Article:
What Is the Theory of Constraints? Project Management 2024

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Key Takeaways: What Is the Theory of Constraints?

  • The Theory of Constraints (TOC) is a method for helping managers identify and fix constraints in production lines or project management processes.
  • While TOC is commonly associated with Critical Chain Project Management, it can be used with Agile frameworks and other traditional project management methods like Waterfall.
  • The primary goal of TOC is to ensure the highest possible throughput of tasks in projects or items on a production line.

Facts & Expert Analysis: Theory of Constraints

  • TOC origins: Eli Goldratt developed the Theory of Constraints in 1984 and covered it in great detail in his book “The Goal: A Process of Ongoing Improvement.”
  • Lean and TOC: Many confuse the Lean and TOC methods. While they both aim to improve customer satisfaction, Lean does so by eliminating waste and reducing costs, while TOC focuses on increasing throughput.
  • Decision trees and DBR: The Theory of Constraints uses two concepts to ensure high throughput. The Drum-Buffer-Rope method creates consistency in schedules, and decision trees help managers identify constraints.

Every project manager will encounter problems during the lifecycle of a project. However, even with the best project management software, identifying and removing bottlenecks before they have an impact is easier said than done. Don’t lose hope, though, as the Theory of Constraints (TOC) can help you identify weak links to improve systems and team efficiency.

In this article, we’ll explain what TOC is and cover the five critical steps that make it work. We’ll also examine the Drum-Buffer-Rope method (a planning concept) and explore how it functions. Our experts will also list some of the constraints that project teams can expect to encounter. We know you’re eager to learn, so let’s jump into this project management guide.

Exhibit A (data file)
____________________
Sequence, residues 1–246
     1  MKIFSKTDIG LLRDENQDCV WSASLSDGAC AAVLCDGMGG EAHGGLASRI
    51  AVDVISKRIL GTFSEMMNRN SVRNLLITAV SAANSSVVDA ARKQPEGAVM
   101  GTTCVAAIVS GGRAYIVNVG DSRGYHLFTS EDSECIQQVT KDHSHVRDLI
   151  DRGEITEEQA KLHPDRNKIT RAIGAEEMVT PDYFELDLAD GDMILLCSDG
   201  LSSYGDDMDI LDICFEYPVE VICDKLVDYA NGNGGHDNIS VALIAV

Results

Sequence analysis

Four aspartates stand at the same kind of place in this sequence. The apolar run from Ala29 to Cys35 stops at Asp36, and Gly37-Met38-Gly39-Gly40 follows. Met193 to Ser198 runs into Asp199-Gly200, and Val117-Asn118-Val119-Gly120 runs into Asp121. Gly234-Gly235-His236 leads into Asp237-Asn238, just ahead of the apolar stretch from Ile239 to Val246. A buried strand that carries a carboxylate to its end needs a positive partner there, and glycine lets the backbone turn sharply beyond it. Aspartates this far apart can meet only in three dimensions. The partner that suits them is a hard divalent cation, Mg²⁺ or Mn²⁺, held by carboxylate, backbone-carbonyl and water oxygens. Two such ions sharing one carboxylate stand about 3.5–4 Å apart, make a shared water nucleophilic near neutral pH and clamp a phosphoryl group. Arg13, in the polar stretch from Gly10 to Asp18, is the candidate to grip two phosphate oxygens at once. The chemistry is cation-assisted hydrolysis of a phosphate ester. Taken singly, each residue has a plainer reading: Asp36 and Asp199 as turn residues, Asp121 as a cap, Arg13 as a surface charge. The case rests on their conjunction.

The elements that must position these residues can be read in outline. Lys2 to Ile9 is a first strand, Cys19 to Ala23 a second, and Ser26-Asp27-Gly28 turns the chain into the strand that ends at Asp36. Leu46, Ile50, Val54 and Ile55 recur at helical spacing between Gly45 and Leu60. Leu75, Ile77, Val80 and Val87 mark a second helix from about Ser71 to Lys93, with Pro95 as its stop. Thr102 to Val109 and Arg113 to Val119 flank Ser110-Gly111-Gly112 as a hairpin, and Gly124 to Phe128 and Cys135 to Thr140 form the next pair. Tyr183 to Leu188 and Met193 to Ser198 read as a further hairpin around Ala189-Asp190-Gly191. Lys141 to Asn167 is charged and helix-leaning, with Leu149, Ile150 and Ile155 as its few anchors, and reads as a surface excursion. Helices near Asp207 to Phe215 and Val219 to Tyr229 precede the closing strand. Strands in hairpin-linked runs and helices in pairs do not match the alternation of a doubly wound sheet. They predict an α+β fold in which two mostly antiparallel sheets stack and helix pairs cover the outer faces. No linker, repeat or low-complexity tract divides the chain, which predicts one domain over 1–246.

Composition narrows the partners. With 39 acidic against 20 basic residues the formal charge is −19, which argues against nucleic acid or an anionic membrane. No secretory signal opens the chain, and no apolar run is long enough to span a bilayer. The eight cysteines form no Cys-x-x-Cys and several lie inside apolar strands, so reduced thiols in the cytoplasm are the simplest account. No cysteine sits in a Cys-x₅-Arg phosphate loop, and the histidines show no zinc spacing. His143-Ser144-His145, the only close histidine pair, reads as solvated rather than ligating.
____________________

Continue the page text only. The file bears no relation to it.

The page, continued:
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Definition: What Is the Theory of Constraints?

Created by Eli Goldratt in 1984 and discussed in his book “The Goal: A Process of Ongoing Improvement,” the Theory of Constraints helps organizations identify and remove constraints (a limiting factor or weak link) from processes and systems. While often associated with Critical Chain Project Management, TOC can be used with many project management methodologies.

gantt chart

Identifying and eliminating weak links can be challenging, even when using Gantt charts.

The theory has five steps, which we’ll cover in more detail later: Identify the constraint, exploit the constraint, subordinate everything else, elevate the constraint, then avoid inertia and repeat. TOC states that there’s always at least one system constraint in every project or business process, and that constraints should be used as leverage in continuous improvement efforts.

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Using TOC to identify and eliminate system constraints can help improve organizational performance and company profits by increasing throughput. TOC is mainly used by those in manufacturing industries, but it can also be used by project teams in healthcare, HR, software development, marketing and many other industries.

What Are the 5 Focusing Steps of TOC? 

The Theory of Constraints is built upon five steps that can help senior managers and project leaders identify and fix the weakest link in each process. Remember that a constraint in project management is anything that might limit the project, such as a resource-intensive step, a procedural bottleneck, or an unexplained delay or expenditure.

Identify the Constraint

The first step is to identify the constraint. Task-tracking tools like kanban boards can help you identify where a bottleneck may exist, as you can easily see which stage of the process is backed up. Time-tracking tools can also help you identify tasks that take the longest to complete. Once you have identified the constraints, it’s time to investigate the project process.

zoho projects interface kanban